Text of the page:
Palestinian refugees angry and dismayed at U.S. for halting funds to U.N. agency

JERUSALEM (Reuters) - Palestinian refugees reacted with dismay on Saturday to a United States decision to halt funding to a U.N. agency, warning that it would lead to more poverty, anger and instability in the Middle East.

A Palestinian man sits outside an aid distribution center run by United Nations Relief and Works Agency (UNRWA) in Khan Younis in the southern Gaza Strip September 1, 2018. REUTERS/Ibraheem Abu Mustafa

The U.S. announcement on Friday that it will no longer support the United Nations Relief and Works Agency for Palestine Refugees (UNRWA) has deepened a cash crisis at the agency, and heightened tensions with the Palestinian leadership.


The 68-year-old UNRWA provides services to about 5 million Palestinian refugees across Jordan, Lebanon, Syria and the West Bank and Gaza. Most are descendants of the roughly 700,000 Palestinians who were driven out of their homes or fled the fighting in the 1948 war that led to Israel’s creation.

In Gaza, Nashat Abu El-Oun, a refugee and father of eight, said: “The situation is bad and it will become worse...People can hardly afford living these days and if they became unable to earn their living they will begin thinking of unlawful things.”

State Department spokeswoman Heather Nauert said on Friday that UNRWA’s business model and fiscal practices were an “irredeemably flawed operation” and that the agency’s “endlessly and exponentially expanding community of entitled beneficiaries is simply unsustainable.”

UNRWA rejected the criticisms, with spokesman Chris Gunness describing it as “a force for regional stability.”

Speaking in Jordan, where more than 2 million registered Palestinian refugees live, including 370,000 in ten refugee camps, Gunness said: “It is a deeply regrettable decision...some of the most disadvantaged, marginalized and vulnerable people on this planet are likely to suffer.”

Gunness said UNRWA provides health clinics, schooling for 526,000 refugee children across Jordan, Syria, Lebanon, Gaza and the West Bank, including East Jerusalem, and food assistance to 1.7 million people - a million of them in Gaza.

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The agency, which has a funding gap of $217 million, will now ask donors for more and seek new sources of income, he said.


The United States, by far UNRWA’s biggest donor, slashed funding earlier this year, paying out only $60 million of a first installment in January, and withholding $65 million. It had promised $365 million for the whole year.

Washington said the agency needed to make unspecified reforms and called on the Palestinians to renew peace talks with Israel.

The last Palestinian-Israeli peace talks collapsed in 2014, partly because of Israel’s opposition to an attempted unity pact between the Fatah and Hamas Palestinian factions and to Israeli settlement building on occupied land that Palestinians seek for a state.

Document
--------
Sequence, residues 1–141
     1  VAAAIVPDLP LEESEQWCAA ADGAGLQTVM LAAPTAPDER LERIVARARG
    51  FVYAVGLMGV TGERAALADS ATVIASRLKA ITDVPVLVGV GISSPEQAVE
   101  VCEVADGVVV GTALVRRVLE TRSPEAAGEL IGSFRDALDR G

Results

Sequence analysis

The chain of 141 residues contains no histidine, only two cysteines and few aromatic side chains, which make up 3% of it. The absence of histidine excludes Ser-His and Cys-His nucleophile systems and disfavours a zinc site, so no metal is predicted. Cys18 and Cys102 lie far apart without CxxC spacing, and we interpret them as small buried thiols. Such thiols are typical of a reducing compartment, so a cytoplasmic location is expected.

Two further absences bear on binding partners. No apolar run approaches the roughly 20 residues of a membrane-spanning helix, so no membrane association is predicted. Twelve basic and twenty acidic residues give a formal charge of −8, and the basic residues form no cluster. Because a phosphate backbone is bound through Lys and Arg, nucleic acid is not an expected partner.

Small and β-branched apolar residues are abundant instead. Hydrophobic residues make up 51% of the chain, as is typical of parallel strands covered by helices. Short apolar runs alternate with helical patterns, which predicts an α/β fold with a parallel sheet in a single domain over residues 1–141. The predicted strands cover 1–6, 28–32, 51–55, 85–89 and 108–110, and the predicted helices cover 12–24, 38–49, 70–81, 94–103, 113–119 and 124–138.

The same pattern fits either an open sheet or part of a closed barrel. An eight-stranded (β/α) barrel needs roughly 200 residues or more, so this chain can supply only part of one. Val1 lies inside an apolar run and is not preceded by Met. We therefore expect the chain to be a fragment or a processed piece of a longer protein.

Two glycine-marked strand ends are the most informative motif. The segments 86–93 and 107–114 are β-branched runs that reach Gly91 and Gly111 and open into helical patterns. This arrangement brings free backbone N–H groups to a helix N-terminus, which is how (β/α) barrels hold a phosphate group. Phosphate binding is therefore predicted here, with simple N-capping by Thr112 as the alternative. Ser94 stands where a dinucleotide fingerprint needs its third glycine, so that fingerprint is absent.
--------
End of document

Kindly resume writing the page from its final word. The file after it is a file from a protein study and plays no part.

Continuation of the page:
Israeli Intelligence Minister Israel Katz said the U.S.’s decision represented a “realistic view of the situation and supports Israel’s position.”

UNRWA is “the body that enshrines the Palestinian refugee problem,” he wrote on Twitter.

Earlier this year Israeli Prime Minister Benjamin Netanyahu urged action against UNRWA.

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“We already have great-great-grandchildren of refugees who are not refugees,” he said in January. “I suggest a gradual conversion of all funds going to UNRWA to other agencies.”

On Friday, before the U.S. decision was confirmed, the head of the international U.N. refugee agency UNHCR, Filippo Grandi, was asked if his agency could assume UNRWA’s role. “The Palestinian refugees in the region are the responsibility of UNRWA,” he said, making no further comment.

The UNRWA move is the latest in a number of actions by the Trump administration that have alienated the Palestinians, including the recognition of Jerusalem as Israel’s capital and moving the U.S. Embassy from Tel Aviv to Jerusalem.

That move was a reversal of longtime U.S. policy and led Palestinian leadership to boycott the Washington peace efforts led by Jared Kushner, Trump’s senior adviser and son-in-law.

Palestinian chief negotiator Saeb Erekat accused Washington of implementing the agenda of “Israeli extremists who have done nothing but to destroy the prospect of peace.”

Speaking in Ramallah, he said: “The United States may have the right to say that we don’t want to give taxpayers’ money, but who gave the U.S. the right to approve the stealing of my land, my future, my aspirations, my capital, my Aqsa Mosque, my Holy Sepulchre Church?”

In Jalazone refugee camp near Ramallah in the Israeli-occupied West Bank, Ayoub Abeidi, whose family once lived in what is now the city of Lod in Israel, said the decision was political.

“Trump wants to finish off UNRWA so he can terminate the right of refugees (to return),” said Abeidi, 53. “Our right to return exists and neither Trump nor anybody else can cancel it.”

Successive Israeli government have ruled out any right of return, fearing the country would lose its Jewish majority.

Reporting by Bushra Shakhshir in Amman, Nidal al-Mughrabi in Gaza and Ali Sawafta in Ramallah and Ori Lewis in Jerusalem, Writing by Stephen Farrell in Jerusalem; Editing by Ros Russell and Alexandra Hudson